When the racism isn’t explicitly about skin color as it is in Bioshock Infinite, it might be about aliens or intelligent AI or what have you. There’s an extensive list on TV Tropes if you would like to check it out. And as many fans of historically inspired fantasy (like Bioshock) can say, there’s a long-standing discussion of the prevalence of sexism in these imagined worlds.

So it stood out to me when I first realized that Columbia was a remarkably egalitarian society when it came to gender. Continue reading

Let’s talk about Elizabeth’s dress

16 Jun

Bioshock Infinite: Part Two, Part Three, Part Four

WARNING: This post contains spoilers for Bioshock Infinite. Read at your own risk. I mean it. I will talk about the end of the game. Don’t do this to yourself if you haven’t played the game. 

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When the first trailer for Bioshock Infinite was released, I wasn’t thrilled with Elizabeth’s character design. Especially once Irrational Games, the developers, started to tout Elizabeth’s importance as a dynamic character that players would care about. If she was meant to be such a well-fleshed out character, why exactly was Irrational deciding to sexualize her? Those types of cheap tricks are used constantly in low-brow games that rely on safe thrills — lots of explosions and boobs — to make sales. And, of course, games made with higher ambitions also fall prey to the one female character with enormous breasts or jeans so tight they double as a thong. Here, I thought with Bioshock Infinite, was another that would be just a little bit lesser in my eyes because of a silly outfit choice.

So I was surprised when I first met Elizabeth in-game and she was dressed conservatively. No cleavage or pinched waistline in sight. While creating a game, hours are spent over the smallest details, and that’s especially true in a game as detailed and finely crafted as Bioshock Infinite. I started to wonder if maybe Irrational had designed Elizabeth’s dress for more than fanservice. And the more I think about it, the more I believe they did.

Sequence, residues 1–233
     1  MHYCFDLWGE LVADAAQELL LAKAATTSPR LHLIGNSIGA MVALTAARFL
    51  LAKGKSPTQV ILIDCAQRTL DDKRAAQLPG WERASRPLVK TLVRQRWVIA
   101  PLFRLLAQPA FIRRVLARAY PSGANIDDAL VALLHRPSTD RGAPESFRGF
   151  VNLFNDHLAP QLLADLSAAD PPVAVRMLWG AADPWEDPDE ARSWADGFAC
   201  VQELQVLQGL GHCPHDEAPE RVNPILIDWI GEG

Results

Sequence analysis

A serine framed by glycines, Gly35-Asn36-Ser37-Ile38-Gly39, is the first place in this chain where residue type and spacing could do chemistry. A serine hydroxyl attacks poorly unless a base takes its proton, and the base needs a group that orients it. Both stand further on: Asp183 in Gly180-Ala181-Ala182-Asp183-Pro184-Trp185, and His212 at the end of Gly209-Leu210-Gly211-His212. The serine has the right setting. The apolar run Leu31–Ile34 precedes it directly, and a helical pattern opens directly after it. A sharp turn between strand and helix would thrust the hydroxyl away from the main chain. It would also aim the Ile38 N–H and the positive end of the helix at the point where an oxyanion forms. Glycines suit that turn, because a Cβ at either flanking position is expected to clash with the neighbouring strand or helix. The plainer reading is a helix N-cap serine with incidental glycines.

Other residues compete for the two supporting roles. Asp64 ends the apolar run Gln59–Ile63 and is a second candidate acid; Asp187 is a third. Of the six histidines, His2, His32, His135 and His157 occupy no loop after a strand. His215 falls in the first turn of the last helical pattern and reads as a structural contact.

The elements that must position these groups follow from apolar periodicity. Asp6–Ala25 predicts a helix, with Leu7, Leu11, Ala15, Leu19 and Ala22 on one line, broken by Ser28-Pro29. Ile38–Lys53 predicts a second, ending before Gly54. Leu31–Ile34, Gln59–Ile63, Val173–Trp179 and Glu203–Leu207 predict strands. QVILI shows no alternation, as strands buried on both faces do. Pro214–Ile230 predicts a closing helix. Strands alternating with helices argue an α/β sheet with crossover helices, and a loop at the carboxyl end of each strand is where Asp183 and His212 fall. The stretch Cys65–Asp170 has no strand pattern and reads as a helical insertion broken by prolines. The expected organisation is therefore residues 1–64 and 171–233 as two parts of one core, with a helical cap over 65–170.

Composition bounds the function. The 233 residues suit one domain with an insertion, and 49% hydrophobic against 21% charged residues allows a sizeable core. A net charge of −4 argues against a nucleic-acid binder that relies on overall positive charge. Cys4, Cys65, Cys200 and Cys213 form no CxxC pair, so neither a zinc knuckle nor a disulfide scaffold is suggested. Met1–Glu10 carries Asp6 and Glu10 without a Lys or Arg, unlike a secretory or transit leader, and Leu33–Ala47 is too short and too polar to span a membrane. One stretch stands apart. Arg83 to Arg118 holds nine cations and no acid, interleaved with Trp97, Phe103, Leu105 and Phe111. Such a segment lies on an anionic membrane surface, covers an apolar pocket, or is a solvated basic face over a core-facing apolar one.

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Gender Expression and Race in Animal Crossing

9 Jun

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I’m editing this while anxiously waiting for Animal Crossing: New Leaf to download from the Nintendo eShop. I adore this series. It’s simple and sweet and charming — the perfect relaxation game.

But that doesn’t mean the game is devoid of social justice issues. I’ve noticed two prominent ones while thinking a lot about the overall series during the last few weeks. (I swear this isn’t just an excuse to spend time feeling like I’m actually being productive while obsessing over New Leaf details.)

Personality Types

Now, I’m not going to try to defend the gender dynamics of the game. I think the game’s attitude is well encapsulated in the player’s very first interaction with the game. In fact, it’s the very first time the player gets to make a choice. I’ll take New Leaf as my example, although all of the games follow the same format.

To begin the game, a cat named Rover (oh, how I missed you, friend!) asks for the player’s name. Like the flatterer he is, he then gushes about how “fantastically great” you name is, to which the player can either respond:

“Cool, right?”

“Cute, right?”

“Oops, I misspoke!” (in case the player wishes to change their name for any reason)

Your choice between the first two options decides the gender of your character. “Cool” = male; “cute” = female.

It might seem like a small thing (and in the context of the game, it is small), but it serves as foreshadowing for the way the game handles gender. In general, female characters tend to act, dress, and decorate in a way that’s more cutesy/girly and male characters, while not necessarily fitting into standards of Western/American masculinity, act, dress, and decorate in a more masculine way.

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Lee’s not “urban”: or how to write black characters the right way

2 Jun

Warning: This post contains SPOILERS. Read at your own risk. 

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I said in my post on The Walking Dead last week that I wanted to take a week to focus on Lee and Clementine. I know, I know — what a novel idea!

Everyone who plays and enjoys this game has something to say about Lee, and there might be more articles written about Clementine than about the rest of the game. But there’s a good reason for it: Telltale did a bang-up job of creating two main characters that people genuinely care for. I have heard very, very few negative opinions about either character.